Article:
The Agency Insider with Linda McGlasson

The Security Professional's Wish List for 2010

The Security Professional's Wish List for 2010

Now that the New Year is here and 2009 is behind us, here's a list of all the things that I think that infosec pros at financial institutions would like to receive in 2010:

Smarter customers - Can we have the ones who don't immediately respond to a phishing email, text message or phone call with their account information? I know we have to do more, but here's hoping that no one else will fall for those automated phone phishing calls. (I hate to think that P.T. Barnum was right when he said there is a sucker born every minute.)

Less phishing, less Ponzi, less fraud -- Hmm, and how about world peace, too, while I'm at it? Seriously, fraud in all of its nuances is still with us, and we've got to start taking it seriously. The record number of phishing sites reported, along with the Ponzi schemes that have floated to the surface, make me wonder if there is an end in sight to all of this.

More spending on smart security - which will come immediately after an institution's senior management realizes it's a valuable thing to have the ability to prevent data breaches rather than react to them after the fact.

Less red tape regulation - I know; we're always hoping that regulation will just go away. But if the really smart folks in the capital can't get this right in the next few months (not years,) we're only going to see history repeat itself when it comes to the economic turmoil we've been through in the past two years. We need regulation -- just not the kind that wraps up our compliance officers until they can hardly breathe.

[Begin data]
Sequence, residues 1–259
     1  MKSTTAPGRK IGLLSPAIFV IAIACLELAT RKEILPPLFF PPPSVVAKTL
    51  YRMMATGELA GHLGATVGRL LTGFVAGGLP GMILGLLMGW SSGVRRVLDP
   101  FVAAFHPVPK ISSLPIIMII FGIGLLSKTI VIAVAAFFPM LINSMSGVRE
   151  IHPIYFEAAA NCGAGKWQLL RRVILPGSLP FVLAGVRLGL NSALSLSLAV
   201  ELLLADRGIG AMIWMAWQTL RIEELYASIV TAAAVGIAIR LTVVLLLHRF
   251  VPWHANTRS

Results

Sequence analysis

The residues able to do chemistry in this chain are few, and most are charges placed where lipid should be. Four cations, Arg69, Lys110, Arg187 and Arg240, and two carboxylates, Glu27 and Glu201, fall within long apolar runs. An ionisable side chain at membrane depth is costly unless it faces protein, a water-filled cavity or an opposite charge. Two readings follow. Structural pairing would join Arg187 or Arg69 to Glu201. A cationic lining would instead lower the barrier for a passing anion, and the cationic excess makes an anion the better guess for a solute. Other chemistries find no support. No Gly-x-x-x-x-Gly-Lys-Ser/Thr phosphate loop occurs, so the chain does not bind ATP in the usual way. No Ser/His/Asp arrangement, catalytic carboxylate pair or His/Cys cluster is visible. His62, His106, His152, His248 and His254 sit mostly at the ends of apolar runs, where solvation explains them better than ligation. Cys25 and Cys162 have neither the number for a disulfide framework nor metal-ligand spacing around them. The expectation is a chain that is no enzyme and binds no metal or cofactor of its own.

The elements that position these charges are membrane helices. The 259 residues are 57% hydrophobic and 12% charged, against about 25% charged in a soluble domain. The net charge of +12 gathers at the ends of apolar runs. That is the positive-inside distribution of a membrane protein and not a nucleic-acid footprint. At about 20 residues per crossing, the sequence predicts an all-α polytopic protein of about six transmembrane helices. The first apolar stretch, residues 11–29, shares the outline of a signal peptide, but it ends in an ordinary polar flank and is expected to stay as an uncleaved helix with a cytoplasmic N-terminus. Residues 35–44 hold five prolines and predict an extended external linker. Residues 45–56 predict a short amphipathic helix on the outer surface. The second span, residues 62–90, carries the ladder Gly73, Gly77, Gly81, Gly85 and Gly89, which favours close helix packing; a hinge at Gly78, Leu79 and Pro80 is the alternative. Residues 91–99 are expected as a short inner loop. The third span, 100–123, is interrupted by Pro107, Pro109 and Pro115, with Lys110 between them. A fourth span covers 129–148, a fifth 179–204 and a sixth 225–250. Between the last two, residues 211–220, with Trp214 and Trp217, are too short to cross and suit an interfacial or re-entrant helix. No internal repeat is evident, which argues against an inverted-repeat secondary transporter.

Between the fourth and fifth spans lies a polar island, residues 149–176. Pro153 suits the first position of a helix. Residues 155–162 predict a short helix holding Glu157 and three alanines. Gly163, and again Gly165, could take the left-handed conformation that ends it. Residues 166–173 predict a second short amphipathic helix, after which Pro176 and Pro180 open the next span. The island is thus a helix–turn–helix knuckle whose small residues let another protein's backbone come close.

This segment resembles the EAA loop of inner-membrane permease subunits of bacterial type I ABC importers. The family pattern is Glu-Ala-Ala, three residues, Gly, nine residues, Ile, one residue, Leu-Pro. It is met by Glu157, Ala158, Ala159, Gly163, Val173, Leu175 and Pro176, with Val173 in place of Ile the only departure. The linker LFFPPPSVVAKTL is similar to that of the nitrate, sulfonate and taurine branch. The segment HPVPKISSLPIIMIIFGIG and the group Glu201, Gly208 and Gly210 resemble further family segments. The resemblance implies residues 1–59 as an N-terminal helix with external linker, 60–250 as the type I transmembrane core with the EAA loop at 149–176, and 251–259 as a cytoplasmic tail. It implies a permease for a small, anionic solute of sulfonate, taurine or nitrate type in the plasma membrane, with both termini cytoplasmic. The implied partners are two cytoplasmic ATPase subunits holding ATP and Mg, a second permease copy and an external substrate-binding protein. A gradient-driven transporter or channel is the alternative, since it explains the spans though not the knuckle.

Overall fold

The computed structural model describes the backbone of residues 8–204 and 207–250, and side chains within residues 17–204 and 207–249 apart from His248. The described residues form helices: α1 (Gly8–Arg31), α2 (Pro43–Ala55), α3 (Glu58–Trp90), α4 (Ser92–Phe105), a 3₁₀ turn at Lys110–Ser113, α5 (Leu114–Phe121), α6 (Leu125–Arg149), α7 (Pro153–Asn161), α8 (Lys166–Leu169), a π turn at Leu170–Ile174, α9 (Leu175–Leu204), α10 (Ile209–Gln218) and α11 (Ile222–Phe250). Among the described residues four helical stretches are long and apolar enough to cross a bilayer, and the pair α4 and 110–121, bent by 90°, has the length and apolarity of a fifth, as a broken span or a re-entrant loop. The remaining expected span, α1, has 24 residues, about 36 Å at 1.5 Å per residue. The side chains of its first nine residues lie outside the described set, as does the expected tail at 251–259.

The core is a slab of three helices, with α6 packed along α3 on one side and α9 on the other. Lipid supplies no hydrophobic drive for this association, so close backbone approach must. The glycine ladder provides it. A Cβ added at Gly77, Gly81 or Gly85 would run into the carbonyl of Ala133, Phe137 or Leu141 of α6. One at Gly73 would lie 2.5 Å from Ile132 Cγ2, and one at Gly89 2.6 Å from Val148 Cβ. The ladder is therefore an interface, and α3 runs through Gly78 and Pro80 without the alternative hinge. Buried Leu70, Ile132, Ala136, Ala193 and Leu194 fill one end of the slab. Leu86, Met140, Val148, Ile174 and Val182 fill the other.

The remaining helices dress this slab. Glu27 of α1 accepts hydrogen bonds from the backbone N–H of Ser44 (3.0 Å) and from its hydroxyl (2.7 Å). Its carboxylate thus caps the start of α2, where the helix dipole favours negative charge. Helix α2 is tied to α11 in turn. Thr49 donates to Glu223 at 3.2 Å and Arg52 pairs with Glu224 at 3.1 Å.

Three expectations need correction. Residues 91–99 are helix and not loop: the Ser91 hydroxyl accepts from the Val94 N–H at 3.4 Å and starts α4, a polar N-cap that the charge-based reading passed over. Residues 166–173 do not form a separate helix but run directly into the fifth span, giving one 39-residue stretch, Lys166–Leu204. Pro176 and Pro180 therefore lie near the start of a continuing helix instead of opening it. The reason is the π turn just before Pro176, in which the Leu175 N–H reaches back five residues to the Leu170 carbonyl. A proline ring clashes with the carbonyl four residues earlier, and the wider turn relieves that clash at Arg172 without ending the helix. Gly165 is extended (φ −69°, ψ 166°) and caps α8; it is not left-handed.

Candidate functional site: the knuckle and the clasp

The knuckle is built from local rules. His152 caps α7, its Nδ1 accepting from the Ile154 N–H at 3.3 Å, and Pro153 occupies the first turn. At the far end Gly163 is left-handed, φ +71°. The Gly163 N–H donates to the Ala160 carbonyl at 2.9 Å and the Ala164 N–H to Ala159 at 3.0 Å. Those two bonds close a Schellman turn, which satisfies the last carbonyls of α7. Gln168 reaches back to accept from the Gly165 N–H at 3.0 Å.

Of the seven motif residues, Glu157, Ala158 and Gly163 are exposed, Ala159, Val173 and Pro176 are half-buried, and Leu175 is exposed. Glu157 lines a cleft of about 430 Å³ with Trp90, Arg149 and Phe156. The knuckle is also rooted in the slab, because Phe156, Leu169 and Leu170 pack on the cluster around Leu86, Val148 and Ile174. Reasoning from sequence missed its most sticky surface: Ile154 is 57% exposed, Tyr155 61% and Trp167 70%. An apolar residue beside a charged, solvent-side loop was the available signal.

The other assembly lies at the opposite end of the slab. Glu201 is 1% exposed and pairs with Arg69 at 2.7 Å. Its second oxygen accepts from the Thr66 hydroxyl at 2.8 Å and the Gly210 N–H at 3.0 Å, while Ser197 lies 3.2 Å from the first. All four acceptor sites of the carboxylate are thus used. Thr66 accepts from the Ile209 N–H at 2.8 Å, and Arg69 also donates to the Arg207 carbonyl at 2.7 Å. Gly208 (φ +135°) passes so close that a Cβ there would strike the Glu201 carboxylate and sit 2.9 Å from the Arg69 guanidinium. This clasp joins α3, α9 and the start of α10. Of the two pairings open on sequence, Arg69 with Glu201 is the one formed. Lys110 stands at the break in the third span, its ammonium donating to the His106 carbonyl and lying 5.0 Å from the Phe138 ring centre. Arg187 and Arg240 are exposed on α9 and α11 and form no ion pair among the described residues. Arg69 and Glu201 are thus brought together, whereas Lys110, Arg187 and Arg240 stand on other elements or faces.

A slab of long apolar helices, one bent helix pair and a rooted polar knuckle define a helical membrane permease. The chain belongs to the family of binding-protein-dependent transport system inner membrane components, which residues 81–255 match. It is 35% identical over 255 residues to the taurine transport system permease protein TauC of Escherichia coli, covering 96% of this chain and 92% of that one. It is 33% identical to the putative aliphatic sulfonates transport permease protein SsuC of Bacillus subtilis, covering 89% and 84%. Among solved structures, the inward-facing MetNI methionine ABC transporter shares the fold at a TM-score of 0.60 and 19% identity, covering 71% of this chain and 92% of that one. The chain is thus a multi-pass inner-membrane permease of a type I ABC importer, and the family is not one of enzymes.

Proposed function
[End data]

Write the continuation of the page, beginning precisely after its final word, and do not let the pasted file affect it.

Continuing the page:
A national data breach law - that actually makes sense. This is being hopeful, but if it has some of the same strengths that California bill CA1386 does (which, for those who don't know IS the original data breach notification bill), then we're going to see change. Otherwise, if it's too weak ... well, you know what happens then. Everyone will ignore it because it doesn't have teeth.

More jail time and fines - for the criminals who perpetrate cyber crime and fraud. The recent arrests of more than 100 phishers in the FBI's "Operation Phish Phry" showed that the winds of change are beginning to blow when it comes to international cooperation among law enforcement. Albert Gonzalez's pleading guilty to the Heartland data breach and other crimes is also a sign of the future for criminals. The long arm of the law will now be reaching over national boundaries to pluck them up and slap them in cuffs.

What's on your list?

About the Author

Linda McGlasson

Linda McGlasson

Managing Editor

Linda McGlasson is a seasoned writer and editor with 20 years of experience in writing for corporations, business publications and newspapers. She has worked in the Financial Services industry for more than 12 years. Most recently Linda headed information security awareness and training and the Computer Incident Response Team for Securities Industry Automation Corporation (SIAC), a subsidiary of the NYSE Group (NYX). As part of her role she developed infosec policy, developed new awareness testing and led the company's incident response team. In the last two years she's been involved with the Financial Services Information Sharing Analysis Center (FS-ISAC), editing its quarterly member newsletter and identifying speakers for member meetings.

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